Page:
In addition to thinning the direction you apply paint in can also build up unwanted texture. Applying paint in the same direction throughout application will minimize this.

I didn't see it in the thread (I didn't check the link either) but you really should thin your paint with a flow release. Liquitex and Golden both make good ones that mix 1:20 and 1:10 into water that you can add to your paint. If you use straight water it will reduce your coverage/opacity dramatically and your colours will suffer. A 750 ml bottle might cost $15-20 (cdn) and will last a very long time (years unless you are doing this for a living everyday).

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Amuse Me
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PostSubject: Re: Avoiding paint texture   Avoiding paint texture I_icon_minitimeSat Jan 11 2014, 06:01

I've tried making a wet palette, but I've run into a problem. Whenever I put paint onto the special paper, it just spreads out. I thought I put too much water in, so I went for a second go and the same problem, but maybe a little less. Do I need to make sure there is no water on top of the paper, or or that to be expected?

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Evil Space Elves
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PostSubject: Re: Avoiding paint texture   Avoiding paint texture I_icon_minitimeSat Jan 11 2014, 10:15

What are you using under the parchment paper? I don't have experience with the wet paper towel build, but if you are using a sponge you should have just enough water to have a slight bit of standing water. Slight. It really sounds as though you have too much water below the parchment paper.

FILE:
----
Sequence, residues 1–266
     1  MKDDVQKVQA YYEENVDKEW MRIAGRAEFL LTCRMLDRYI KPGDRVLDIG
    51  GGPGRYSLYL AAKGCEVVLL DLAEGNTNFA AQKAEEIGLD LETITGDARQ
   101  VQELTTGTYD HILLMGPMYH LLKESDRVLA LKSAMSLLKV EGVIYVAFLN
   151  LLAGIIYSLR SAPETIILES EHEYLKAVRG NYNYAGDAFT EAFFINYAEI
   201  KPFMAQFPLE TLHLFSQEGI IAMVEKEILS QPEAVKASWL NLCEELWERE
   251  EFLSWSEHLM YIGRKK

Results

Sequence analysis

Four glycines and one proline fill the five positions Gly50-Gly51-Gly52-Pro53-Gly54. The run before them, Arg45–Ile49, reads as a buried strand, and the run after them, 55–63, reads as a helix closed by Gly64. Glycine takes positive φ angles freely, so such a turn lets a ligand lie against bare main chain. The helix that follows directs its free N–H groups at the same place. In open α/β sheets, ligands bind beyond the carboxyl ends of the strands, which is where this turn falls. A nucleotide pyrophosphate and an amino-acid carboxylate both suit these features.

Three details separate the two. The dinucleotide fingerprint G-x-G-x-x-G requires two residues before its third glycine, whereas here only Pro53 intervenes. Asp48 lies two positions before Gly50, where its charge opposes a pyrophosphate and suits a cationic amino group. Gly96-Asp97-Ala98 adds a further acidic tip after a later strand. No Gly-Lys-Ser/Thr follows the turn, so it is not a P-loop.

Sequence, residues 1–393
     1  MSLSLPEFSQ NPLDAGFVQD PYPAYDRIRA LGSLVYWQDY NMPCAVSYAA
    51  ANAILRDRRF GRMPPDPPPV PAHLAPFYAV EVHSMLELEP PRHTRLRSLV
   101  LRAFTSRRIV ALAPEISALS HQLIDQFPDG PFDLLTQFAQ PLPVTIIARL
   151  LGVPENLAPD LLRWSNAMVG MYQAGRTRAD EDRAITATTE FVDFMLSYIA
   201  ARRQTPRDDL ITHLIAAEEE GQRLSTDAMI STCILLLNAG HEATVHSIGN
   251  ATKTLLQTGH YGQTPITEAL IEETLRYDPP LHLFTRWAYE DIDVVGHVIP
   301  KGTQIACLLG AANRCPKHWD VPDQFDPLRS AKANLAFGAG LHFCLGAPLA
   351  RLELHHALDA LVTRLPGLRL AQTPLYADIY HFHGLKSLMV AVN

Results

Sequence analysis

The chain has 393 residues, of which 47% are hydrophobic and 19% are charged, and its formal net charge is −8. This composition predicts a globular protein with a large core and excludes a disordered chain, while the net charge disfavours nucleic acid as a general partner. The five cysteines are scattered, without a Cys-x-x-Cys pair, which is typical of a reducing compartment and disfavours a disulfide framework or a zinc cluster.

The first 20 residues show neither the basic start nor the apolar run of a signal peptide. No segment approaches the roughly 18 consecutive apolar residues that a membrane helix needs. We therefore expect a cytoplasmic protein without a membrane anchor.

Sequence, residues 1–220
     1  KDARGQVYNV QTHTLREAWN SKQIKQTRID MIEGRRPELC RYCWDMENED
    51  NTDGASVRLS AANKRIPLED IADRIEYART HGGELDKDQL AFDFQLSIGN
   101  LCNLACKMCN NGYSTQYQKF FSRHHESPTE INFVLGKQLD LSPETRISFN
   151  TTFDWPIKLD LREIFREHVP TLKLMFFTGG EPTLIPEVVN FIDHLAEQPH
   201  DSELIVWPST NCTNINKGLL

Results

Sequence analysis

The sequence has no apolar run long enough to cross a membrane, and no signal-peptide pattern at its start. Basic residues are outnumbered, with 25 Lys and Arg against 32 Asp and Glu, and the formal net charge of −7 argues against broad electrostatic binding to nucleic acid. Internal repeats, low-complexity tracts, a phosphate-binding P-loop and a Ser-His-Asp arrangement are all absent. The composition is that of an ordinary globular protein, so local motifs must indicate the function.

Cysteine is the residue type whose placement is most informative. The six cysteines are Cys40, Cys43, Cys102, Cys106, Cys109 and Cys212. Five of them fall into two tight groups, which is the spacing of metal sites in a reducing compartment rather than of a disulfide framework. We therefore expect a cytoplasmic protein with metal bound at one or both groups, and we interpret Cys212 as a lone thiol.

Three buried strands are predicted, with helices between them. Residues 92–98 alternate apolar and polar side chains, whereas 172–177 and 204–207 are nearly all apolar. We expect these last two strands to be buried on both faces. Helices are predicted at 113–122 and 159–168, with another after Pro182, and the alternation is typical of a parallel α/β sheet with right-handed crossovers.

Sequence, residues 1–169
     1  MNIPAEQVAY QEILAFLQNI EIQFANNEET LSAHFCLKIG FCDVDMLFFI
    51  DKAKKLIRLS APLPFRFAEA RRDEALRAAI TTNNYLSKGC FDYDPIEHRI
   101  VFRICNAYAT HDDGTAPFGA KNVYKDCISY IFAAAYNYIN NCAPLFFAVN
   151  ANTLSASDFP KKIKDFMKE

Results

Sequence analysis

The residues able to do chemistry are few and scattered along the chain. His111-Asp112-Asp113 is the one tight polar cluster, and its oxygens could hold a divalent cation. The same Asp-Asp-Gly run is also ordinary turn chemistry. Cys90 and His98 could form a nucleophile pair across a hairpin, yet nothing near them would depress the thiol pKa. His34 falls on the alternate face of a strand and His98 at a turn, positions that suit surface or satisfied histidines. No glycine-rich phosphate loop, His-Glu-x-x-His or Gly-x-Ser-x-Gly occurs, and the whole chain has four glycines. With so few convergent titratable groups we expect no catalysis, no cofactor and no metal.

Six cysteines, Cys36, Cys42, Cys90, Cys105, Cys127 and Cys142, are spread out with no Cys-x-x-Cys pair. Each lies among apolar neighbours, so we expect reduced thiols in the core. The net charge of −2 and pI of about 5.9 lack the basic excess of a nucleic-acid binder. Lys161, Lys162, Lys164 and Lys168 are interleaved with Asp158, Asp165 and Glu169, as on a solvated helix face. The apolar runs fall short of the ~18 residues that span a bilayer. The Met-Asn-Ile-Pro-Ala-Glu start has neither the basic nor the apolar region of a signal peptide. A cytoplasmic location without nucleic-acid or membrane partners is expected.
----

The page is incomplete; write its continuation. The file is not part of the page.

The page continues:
Pic? It could help.

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PostSubject: Re: Avoiding paint texture   Avoiding paint texture I_icon_minitimeSat Jan 11 2014, 16:43

@Amuse Me wrote:
Do I need to make sure there is no water on top of the paper, or or that to be expected?
If by paper you mean the parchment i think you are correct.
The water has to be in the paper towel below the parchment.
So it can slowly diffuse through the parchment to keep your color wet.
The water shouldn't puddle on the parchment.

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Amuse Me
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PostSubject: Re: Avoiding paint texture   Avoiding paint texture I_icon_minitimeSun Jan 12 2014, 02:21